In particular, the evolution and deterioration of the relationship between the US and China is a process that bears watching. In a week where the Economist front cover declared ‘Goodbye Globalization’ an opinion poll from the Pew Research Centre showed that close to 65% of Americans have a negative view of China. This compares with only 30% some ten years ago and the darkening in Americans’ views of China tightly tracks the demise of globalization.

With rhetoric picking up, and supply chain restrictions on Huawei now more severe, there are three elements of this relationship to watch in the short run. One is the friction between China and American allies in Asia (Australia) amidst talk in China that it needs to prepare itself for military conflict. Another is the shift in supply chains, the most interesting development here is Taiwan Semiconductors’ decision to invest USD 12 bn building a plant in the USA. Also, China may respond in kind to the Huawei announcement on Monday.

Then finally, is the politics – lambasting China, however illogically (the President has stated that cutting ties with China would save USD 550 bn) creates political capital for Donald Trump, and as such we should expect no let up in anti-China rhetoric until November. The question is what damage this does to trade and diplomacy, and whether it leads to a real ‘Shemozzle’.

Have a great week ahead,

Mike

Technopolitics

Technology meets politics

About twelve years ago, I accompanied an American friend to a Democratic Party fundraising event in London. The main speaker at the event was Michelle Obama, and once she had delivered her eloquent and rousing address, I was tempted to think that the Democrats had opted for the wrong Obama.

Michele Obama might yet have her chance to run for president. There are rumours that in the wake of the technological fiasco of the Democratic primary in Iowa, and the failure of a clear Democratic leadership candidate to emerge, the Democrats may opt to choose someone with the brand recognition of Michelle Obama.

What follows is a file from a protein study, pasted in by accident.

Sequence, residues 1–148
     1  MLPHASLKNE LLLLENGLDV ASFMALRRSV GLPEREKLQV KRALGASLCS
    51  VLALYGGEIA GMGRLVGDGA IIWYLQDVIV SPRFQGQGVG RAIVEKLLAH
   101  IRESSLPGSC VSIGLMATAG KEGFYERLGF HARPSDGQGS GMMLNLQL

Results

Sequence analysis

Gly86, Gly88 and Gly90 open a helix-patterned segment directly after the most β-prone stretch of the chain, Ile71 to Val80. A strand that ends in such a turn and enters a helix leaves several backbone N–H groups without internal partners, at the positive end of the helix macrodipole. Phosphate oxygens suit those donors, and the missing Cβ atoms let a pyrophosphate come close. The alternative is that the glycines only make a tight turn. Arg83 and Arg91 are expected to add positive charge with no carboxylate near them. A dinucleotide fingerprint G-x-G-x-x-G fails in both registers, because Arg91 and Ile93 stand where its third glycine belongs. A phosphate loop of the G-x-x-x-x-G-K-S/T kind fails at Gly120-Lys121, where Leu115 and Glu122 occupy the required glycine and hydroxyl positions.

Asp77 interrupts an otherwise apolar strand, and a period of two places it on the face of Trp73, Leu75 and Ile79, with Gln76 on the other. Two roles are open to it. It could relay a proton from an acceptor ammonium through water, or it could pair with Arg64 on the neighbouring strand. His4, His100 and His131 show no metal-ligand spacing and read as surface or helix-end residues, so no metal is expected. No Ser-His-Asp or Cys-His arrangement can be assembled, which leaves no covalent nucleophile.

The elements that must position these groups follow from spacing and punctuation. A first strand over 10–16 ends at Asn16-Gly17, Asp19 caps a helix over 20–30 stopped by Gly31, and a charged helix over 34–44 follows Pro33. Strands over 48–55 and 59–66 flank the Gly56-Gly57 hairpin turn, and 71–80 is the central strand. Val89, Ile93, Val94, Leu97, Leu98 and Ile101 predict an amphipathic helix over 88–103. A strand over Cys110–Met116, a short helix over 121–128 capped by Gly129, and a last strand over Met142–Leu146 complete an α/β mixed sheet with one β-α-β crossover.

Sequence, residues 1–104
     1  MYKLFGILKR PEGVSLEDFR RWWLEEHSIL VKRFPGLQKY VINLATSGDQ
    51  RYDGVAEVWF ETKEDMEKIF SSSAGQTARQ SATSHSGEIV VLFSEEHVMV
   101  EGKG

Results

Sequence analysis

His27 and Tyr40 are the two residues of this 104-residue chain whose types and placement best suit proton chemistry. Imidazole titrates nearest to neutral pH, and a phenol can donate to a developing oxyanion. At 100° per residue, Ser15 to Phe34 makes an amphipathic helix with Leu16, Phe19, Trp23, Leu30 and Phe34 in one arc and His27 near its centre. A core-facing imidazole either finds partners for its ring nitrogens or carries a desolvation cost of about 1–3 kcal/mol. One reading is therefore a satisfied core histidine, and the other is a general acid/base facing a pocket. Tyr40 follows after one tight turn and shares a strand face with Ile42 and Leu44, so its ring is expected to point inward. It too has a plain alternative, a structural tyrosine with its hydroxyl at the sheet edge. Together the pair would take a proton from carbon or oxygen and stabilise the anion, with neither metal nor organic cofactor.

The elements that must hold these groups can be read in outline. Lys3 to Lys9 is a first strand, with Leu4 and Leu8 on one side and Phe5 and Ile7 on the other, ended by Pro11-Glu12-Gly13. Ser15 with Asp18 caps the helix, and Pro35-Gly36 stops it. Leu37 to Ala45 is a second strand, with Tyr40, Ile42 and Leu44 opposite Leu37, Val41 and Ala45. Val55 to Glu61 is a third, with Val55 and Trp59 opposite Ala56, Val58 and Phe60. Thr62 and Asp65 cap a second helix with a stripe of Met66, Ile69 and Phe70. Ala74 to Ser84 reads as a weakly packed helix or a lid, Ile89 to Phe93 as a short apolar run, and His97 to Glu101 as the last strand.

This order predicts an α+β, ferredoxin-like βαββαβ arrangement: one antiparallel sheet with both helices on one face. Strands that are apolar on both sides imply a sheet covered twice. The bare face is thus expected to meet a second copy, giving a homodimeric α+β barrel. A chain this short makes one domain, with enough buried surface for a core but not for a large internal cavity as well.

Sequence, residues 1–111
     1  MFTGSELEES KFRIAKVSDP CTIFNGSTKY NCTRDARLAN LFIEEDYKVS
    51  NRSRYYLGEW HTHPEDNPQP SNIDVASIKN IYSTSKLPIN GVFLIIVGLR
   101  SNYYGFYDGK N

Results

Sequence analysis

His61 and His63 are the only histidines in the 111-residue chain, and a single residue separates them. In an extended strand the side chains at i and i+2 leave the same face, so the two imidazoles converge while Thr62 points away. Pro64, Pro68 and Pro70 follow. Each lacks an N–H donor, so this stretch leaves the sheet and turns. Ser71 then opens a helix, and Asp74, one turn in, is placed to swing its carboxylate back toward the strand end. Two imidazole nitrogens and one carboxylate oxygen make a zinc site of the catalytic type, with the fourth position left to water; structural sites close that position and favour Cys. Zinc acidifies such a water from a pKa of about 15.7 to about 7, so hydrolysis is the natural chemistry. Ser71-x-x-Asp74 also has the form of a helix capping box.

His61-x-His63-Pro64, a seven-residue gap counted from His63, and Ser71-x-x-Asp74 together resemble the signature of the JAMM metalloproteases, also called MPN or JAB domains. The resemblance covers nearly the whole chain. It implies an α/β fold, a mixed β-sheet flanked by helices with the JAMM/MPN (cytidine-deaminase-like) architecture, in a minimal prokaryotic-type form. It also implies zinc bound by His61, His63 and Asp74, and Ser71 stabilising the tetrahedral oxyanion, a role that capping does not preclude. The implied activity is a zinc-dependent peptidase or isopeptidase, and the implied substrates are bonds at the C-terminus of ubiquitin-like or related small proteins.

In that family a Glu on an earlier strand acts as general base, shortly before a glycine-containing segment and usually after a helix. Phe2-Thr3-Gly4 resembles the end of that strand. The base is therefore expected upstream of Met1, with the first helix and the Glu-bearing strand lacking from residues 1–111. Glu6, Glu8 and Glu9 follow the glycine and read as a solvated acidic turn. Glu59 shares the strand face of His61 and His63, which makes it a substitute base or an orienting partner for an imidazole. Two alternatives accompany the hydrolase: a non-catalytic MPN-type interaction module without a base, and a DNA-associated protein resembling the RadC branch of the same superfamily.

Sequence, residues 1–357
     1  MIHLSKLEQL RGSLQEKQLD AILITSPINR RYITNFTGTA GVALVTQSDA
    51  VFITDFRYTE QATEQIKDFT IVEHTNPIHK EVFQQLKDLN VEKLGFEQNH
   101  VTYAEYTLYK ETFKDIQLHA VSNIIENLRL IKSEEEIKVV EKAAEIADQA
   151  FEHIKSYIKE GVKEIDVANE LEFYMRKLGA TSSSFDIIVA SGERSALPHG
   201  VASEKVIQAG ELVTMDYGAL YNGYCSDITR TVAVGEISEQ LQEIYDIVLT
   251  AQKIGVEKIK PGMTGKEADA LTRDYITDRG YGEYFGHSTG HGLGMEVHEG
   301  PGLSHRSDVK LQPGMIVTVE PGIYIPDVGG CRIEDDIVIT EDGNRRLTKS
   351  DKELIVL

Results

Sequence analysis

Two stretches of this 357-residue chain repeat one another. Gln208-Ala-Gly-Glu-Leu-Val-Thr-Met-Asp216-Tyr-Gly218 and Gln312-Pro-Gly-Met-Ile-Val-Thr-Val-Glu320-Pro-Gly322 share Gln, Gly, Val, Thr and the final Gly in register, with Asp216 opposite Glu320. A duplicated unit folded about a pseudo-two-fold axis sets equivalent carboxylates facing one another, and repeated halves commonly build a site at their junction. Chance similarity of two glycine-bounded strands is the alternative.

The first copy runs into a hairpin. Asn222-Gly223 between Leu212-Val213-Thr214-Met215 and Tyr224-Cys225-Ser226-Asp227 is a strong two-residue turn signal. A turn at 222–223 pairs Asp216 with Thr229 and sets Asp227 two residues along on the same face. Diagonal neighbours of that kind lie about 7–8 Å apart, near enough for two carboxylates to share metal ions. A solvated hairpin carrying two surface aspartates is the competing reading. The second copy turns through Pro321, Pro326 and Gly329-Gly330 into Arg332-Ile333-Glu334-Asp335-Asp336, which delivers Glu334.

This is yet a wild-card scenario, though it does underline the meshing of politics and celebrity, and in the case of Iowa, the complications that technology is introducing to politics.

In common with many companies, a political party’s ability to use social media is now one of the defining metrics of its success (in much the same way that radio impacted politics in the 1920’s and tv did so from the 1960’s onwards).

The Arab Spring was the first event to demonstrate the power of social media in political activism. Donald Trump’s campaign team used social media to great effect in 2016, as did Dominic Cumming’s Brexit referendum campaign, from which he excluded MP’s and instead loaded up on data scientists.

Having written on the Chinese Communist Party last week (‘Humanity and Adversity’), one social media news story to keep an eye on is the reaction across China to the death of Li Wenliang, the doctor who courageously warned of the virus in late December. Sympathy for him and anger at attempts to suppress his warnings may be the making of an unexpected but powerful backlash against the CCP.  

More broadly, as social media has permeated mainstream politics, its effects have become much less unambiguously positive. In some respects they have amplified extreme views. For instance, in the European Parliament, the two groups at the respective left- and right-wing extremes have close to 12 percent of seats but over 40 percent of Twitter followers. In this way, social media is excellent for mobilizing voters, though perhaps less so in representing them.